Setting domain time on a Hyper-V 2012R2 environment

I'm trying to see what I'm missing here, but every time I try to get domain time synchronized with an internet clock, something seems to screw it up. So I need to know the steps of what to check to ensure that in this environment, a DC is the authoritative time server and that everything listens to it.

3 Hyper-V 2012 R2 hosts
2 Server 2012R2 domain controllers, one on host 1, the other on host 2

I need to make sure that DC1 is set up as the authoritative time server using an internet source (I don't care what it is, as long as it's reliable, so please recommend one), that it's not listening to host time, that nothing else is listening to host time, and that every domain joined system on the network listens to time from DC1. DC1 and DC2 both have Time services disabled. If it matters, their domain is currently 8 minutes behind.

Casey WeaverManaged Services Windows Engineer IIIAsked:
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Mohammed KhawajaManager - Infrastructure:  Information TechnologyCommented:
Run the following command on your root DC:

net stop w32time
w32tm /config /syncfromflags:manual /manualpeerlist:",,"
w32tm /config /reliable:yes
net start w32time

If the root DC is a VM then ensure to configure in your virtualization environment to not synchronize time with host server.
Philip ElderTechnical Architect - HA/Compute/StorageCommented:
We have a How-To here: Set Up PDCe Time.

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Will SzymkowskiSenior Solution ArchitectCommented:
I suggest that you follow the Microsoft TechNet to ensure all sets are correct. You also need to make sure that your firewall is allowing port 123 to your DC from the outside time source. If this is not setup on your firewall it will not get the time, even if the server is configured correctly.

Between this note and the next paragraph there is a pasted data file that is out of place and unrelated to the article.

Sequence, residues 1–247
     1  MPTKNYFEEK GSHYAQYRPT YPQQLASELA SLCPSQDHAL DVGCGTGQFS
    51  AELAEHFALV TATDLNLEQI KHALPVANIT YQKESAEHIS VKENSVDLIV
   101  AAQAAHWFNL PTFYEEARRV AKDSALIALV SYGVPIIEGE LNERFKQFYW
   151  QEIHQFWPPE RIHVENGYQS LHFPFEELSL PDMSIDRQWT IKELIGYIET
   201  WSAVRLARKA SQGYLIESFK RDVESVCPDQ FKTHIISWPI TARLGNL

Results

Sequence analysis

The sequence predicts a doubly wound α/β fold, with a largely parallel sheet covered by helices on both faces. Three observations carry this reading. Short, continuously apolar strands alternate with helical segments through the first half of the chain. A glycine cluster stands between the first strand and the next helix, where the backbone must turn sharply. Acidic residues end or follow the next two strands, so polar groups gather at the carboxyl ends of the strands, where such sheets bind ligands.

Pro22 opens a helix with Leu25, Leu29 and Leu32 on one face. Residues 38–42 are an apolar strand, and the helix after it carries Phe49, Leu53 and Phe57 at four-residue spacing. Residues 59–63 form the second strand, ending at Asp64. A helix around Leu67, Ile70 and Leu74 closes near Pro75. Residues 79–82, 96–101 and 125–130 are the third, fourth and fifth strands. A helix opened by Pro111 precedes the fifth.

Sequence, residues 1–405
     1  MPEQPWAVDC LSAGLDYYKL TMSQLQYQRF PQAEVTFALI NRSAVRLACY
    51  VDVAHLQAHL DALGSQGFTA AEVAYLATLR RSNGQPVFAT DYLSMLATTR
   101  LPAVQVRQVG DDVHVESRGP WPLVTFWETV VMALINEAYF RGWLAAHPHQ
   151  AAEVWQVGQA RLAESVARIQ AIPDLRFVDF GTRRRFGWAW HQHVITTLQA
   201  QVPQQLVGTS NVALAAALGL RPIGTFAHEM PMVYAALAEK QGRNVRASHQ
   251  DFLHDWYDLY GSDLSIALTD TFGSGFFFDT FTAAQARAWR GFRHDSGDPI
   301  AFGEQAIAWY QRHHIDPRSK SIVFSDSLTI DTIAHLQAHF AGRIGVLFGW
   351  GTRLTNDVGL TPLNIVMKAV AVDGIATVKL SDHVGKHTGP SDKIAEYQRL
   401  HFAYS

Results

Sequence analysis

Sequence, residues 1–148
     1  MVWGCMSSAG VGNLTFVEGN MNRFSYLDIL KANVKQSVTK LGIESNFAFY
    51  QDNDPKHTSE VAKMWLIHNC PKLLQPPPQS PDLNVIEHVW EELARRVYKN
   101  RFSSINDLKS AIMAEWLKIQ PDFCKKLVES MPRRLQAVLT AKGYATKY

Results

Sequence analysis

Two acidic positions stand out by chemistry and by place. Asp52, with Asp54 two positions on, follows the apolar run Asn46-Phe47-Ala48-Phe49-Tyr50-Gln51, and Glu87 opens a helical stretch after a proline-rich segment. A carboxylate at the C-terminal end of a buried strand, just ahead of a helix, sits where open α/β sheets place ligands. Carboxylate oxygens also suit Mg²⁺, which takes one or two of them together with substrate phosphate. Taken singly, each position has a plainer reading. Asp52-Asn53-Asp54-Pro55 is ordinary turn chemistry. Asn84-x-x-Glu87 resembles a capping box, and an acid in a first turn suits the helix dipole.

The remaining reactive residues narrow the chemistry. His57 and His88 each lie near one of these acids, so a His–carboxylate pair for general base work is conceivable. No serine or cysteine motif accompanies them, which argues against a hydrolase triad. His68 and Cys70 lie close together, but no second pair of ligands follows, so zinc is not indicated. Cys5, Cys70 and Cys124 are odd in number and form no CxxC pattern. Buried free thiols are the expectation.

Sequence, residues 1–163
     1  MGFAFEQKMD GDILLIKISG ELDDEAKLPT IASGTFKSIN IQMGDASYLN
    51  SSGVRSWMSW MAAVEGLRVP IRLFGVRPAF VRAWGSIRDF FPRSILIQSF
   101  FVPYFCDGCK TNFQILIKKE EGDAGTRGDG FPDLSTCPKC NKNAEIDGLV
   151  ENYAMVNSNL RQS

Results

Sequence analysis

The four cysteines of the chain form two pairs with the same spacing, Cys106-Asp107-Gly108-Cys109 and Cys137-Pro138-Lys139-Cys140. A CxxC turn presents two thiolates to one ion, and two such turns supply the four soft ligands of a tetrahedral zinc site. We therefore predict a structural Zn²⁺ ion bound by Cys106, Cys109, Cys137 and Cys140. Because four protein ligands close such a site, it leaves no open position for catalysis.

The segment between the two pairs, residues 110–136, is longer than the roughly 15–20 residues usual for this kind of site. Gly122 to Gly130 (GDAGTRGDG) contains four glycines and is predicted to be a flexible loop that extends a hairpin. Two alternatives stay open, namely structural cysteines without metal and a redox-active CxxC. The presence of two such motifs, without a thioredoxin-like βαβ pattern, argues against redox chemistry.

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Cliff GaliherCommented:
Guest VMs skew. It has been my experience that no matter what you try, if your PDCe is a VM, it'll drift faster than it checks in with an external source. So here is what I recommend:

Turn *on* the time sync service for the PDCe and do not set an authoritative time source. That way the PDCe will get its time from the host and other machines will get their time, per usual, from the PDCe.

Then on the host, override the default to use domain hierarchy and have *it* get a time from a good source.

The host won't skew from getting a bas time from a VM. And the PDCe will always be accurate because of integration services. Presto, skew problem solved. I've deployed this solution effectively in dozens of environments and unlike many other solutions, does not drift nor require special workarounds. It all uses bona-fide services as MS intended.
Casey WeaverManaged Services Windows Engineer IIIAuthor Commented:
I've followed some advice here and it looks like it's working properly for now. I'll wait a day and make sure after the servers have all their monthly maintenance updates tonight, and then assign points.

Thanks guys!
Philip ElderTechnical Architect - HA/Compute/StorageCommented:
We have a blog for skew too: Preparing a VM for high time skew.

In single server setting we use the Hyper-V host as a time source so we don't see KoD packets from In a cluster setting we always deploy a physical DC to act as PDCe and time source for the domain.
Casey WeaverManaged Services Windows Engineer IIIAuthor Commented:
I have accepted two comments because the two together made the best solution. The blog post was what I was looking for, a well laid out step by step process to achieve the goal. The comment on using the Hyper-V host and overriding the domain hierarchy was the second vital piece. We had a 6 minute skew within 24 hours with the VM. Using one of the hosts was the solution. Using a physical DC wasn't an option, we banished all other servers from our virtual environment a few years ago.

Thank you all!
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